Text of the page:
The mainstay of the air support at the outset was provided by the Nicaraguan Air Force. The team was helicoptered directly into the airport at Limon.
Base camp was established at Limon Airport and within 10 minutes of arrival 2 teams were deployed to two different sites that were identified by the emergency committee. The first site was La-Bamba (landslide) and the second was the International Hotel in Limon.
Teams of four members were sent to each location and worked for many hours at each site. The remaining members set up Base Camp and established a satellite communications system and contact made with IRC operational headquarters.
Any vital information could be transmitted using either the telephone, telex or facsimile facilities available on the Sat.Comm. The facility was also made available to and was used by the Costa Ricans, the United Nations representative in the location, representatives from the Swiss Dog Team and the local Red Cross.
At the International Hotel in Limon it was reported that one person was missing within the collapsed hotel. The team established that the man was dead and assisted in the recovery of the body.
At La Bamba it was found that there had been a landslide just outside the village and that one lady and two children were buried under the slip. It was established that they had not survived and the local population was advised that, due to the danger of further slippage, no further work should be carried out until a full civil engineering project could be mounted.
This advice was proved to be correct when twenty four hours later a further landslide occurred.
Relief assessments and medivac operations were also undertaken by the team whilst being deployed, using the Nicaraguan helicopters, which in turn came under UN control.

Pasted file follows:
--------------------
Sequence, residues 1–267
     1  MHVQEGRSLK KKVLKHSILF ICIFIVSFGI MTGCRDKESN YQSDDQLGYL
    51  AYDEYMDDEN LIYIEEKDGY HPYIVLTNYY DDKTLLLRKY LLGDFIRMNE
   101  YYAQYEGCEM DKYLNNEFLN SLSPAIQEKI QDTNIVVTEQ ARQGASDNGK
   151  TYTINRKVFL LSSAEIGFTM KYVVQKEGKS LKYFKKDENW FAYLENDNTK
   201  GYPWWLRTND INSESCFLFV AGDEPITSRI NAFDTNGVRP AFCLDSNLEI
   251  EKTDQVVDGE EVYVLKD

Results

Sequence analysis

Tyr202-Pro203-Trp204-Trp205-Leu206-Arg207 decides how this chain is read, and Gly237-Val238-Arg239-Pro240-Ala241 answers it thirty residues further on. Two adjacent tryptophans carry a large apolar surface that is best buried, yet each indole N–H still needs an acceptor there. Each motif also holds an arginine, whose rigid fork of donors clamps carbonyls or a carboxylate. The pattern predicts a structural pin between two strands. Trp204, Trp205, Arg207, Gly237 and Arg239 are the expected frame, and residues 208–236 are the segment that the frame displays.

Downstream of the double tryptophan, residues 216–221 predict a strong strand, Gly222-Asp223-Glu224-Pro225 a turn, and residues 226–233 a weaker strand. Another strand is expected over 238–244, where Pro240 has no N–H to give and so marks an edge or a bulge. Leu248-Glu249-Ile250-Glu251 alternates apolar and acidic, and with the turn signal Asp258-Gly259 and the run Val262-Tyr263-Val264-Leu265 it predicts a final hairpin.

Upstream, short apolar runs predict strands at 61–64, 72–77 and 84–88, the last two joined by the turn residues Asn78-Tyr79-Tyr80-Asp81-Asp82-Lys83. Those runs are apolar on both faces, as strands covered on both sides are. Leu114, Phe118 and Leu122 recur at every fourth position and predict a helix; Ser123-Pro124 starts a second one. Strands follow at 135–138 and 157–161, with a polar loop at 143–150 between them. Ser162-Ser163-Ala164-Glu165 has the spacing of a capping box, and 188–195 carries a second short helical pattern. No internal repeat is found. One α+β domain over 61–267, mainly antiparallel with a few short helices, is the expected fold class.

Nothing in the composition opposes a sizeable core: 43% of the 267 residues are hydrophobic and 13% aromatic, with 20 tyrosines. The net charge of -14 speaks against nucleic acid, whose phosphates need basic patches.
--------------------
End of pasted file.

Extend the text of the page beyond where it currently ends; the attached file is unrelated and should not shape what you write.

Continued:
Due to the teams’ involvement in the field assessment, the Costa Ricans requested that IRC leave a contingent of 4 members to complete the task which also covered logistics and distribution.
It was clear very soon after our arrival at Limon that rescue work would be minimal, although we could assist in other ways:-
- Medical help when required.
- Needs assessment
- General advice
Now that the rescue phase was over, control passed to the Minister of Agriculture and the Red Cross.
At a meeting with all parties involved it was decided to move the team back to San José and stay available until Monday morning because of the risk of further incidents developing through changes in the weather conditions (the weather changed from hot and humid to tropical rain). This move was arranged and confirmed to the UK. On the flight to San José, medical help was provided to civilians during transit. At San Jose we were met by officials from Comisión Nacional de Emergencias and taken to meet their President. Accommodation was arranged by the Embassy and we were taken there. The journey home was uneventful.
William McMartin – Team Leader
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